Mexican National Anthem
The national anthem of Mexico is known as Himno Nacional Mexicano in Spanish. It is also called “Mexicanos, al grito de guerra,” which translates to mean “Mexicans, at the cry of war.” The lyrics for the anthem were originally written in 1853 by Francisco Gonzalez Bocanegra as a result of a federal contest. These lyrics were based on historic battle victories in Mexico, as well as calls for continued defense of the country and national unity. Bocanegra approached Jaime Nuno to compose the music to accompany the lyrics, and the music was completed in 1854. It was during that same year that the song was adopted as the de facto national anthem and went into use.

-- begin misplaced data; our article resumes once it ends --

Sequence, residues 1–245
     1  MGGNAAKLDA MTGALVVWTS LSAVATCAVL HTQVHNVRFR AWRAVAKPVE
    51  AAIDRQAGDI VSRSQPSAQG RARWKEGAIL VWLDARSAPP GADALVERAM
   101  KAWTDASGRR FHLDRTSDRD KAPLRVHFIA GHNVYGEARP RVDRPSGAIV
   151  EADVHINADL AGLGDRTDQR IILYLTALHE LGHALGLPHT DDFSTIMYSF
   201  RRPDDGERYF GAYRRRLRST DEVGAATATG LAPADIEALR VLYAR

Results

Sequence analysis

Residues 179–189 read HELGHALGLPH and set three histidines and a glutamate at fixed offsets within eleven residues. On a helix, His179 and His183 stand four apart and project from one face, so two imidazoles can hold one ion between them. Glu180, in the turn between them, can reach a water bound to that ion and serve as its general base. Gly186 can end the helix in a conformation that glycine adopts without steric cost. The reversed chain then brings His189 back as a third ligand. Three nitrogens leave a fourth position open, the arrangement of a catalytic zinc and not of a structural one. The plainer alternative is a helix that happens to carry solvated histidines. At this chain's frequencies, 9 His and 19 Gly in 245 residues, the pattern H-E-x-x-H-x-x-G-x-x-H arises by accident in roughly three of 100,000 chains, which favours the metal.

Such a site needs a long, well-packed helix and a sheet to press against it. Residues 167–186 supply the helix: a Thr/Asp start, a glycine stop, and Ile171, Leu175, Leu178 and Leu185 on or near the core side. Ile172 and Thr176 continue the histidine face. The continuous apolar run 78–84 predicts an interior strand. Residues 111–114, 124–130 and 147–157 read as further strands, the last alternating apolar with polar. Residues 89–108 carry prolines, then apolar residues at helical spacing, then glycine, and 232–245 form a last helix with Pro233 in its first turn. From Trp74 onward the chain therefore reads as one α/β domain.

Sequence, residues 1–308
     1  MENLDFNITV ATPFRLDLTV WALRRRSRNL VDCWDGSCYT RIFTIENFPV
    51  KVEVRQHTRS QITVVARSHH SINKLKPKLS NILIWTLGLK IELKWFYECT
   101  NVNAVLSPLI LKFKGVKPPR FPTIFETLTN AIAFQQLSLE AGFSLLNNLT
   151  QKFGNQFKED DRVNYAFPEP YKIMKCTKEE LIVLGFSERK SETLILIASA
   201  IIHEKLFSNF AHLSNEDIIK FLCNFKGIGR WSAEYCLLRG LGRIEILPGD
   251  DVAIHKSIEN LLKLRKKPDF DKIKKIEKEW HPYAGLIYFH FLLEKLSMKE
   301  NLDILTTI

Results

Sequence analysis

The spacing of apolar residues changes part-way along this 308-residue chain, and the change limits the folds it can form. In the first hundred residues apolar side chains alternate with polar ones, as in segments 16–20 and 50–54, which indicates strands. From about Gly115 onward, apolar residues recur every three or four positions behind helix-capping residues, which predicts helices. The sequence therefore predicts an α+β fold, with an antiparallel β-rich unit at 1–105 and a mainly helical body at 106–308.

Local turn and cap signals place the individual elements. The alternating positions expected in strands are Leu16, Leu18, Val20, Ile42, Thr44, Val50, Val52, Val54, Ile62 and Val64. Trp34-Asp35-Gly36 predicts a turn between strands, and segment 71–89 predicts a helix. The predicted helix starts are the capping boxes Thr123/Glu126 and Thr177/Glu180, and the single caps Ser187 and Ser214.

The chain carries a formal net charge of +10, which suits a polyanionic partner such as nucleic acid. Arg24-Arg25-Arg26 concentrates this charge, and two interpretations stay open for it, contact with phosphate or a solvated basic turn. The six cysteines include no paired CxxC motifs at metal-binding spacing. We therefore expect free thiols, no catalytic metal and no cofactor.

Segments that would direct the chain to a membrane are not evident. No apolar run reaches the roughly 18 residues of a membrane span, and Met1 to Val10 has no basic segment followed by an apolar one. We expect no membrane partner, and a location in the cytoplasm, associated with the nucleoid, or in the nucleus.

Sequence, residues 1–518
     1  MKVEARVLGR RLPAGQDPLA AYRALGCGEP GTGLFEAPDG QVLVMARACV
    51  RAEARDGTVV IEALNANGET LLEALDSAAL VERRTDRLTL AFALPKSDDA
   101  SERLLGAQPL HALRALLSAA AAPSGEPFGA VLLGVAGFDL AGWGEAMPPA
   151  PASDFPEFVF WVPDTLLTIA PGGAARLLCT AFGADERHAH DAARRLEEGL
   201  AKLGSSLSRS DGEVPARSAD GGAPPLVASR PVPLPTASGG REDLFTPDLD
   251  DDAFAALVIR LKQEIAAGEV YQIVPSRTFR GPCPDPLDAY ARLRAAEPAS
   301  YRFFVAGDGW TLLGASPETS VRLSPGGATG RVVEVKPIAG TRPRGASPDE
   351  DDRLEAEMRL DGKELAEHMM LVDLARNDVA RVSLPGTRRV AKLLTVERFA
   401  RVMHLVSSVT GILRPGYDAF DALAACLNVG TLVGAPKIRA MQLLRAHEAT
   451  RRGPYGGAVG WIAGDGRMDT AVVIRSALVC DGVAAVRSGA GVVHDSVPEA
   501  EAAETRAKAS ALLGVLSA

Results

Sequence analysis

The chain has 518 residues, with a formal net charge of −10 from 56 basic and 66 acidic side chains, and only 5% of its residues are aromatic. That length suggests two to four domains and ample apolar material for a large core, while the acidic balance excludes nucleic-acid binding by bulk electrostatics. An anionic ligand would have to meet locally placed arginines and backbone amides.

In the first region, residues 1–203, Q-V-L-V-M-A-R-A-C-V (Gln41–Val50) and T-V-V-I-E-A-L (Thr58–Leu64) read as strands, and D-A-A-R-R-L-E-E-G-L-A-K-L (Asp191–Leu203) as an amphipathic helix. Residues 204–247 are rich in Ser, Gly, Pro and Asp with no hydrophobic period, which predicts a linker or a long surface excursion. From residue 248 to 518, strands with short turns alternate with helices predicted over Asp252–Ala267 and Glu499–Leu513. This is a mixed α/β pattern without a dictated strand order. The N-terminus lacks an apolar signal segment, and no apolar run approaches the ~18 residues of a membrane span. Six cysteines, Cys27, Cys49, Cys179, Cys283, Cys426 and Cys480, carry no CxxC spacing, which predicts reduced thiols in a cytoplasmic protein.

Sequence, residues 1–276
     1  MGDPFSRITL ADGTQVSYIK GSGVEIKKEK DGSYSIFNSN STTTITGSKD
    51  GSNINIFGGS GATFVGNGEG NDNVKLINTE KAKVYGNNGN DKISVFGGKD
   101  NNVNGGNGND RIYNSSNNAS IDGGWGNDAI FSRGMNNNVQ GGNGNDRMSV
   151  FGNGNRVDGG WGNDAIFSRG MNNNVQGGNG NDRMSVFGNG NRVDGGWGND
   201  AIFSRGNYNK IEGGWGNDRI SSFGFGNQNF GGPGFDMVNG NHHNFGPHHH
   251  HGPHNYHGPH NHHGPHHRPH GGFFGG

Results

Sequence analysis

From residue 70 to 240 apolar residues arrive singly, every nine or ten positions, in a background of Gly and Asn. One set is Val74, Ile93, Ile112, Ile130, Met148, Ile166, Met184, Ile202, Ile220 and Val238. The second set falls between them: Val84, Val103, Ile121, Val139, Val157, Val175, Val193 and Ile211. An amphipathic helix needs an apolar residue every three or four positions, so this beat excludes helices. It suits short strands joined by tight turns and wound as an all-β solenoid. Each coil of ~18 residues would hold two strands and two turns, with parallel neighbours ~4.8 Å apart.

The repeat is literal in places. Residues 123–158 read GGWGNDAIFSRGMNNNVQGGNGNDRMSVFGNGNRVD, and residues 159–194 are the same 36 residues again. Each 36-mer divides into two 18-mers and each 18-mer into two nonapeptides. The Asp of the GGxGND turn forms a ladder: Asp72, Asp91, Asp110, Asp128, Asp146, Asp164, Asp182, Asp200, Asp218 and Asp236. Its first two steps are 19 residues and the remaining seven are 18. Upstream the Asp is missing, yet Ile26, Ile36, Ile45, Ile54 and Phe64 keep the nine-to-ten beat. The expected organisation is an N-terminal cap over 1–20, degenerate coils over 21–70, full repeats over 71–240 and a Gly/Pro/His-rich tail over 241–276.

The original song featured ten stanzas. However, like most other nations, Mexico has shortened this version to create the official national anthem. In 1943, it was designated that the chorus, 1st, 5th, 6th and 10th stanzas would make up the official national anthem. Some sporting events and TV and radio programs use an abridged version of the official anthem. The people of Mexico take the national anthem very seriously as it encourages national unity. Some describe the anthem as a symbol of “Mexican identity.” The government also takes the anthem quite seriously and will impose penalties such as fines when it is performed incorrectly.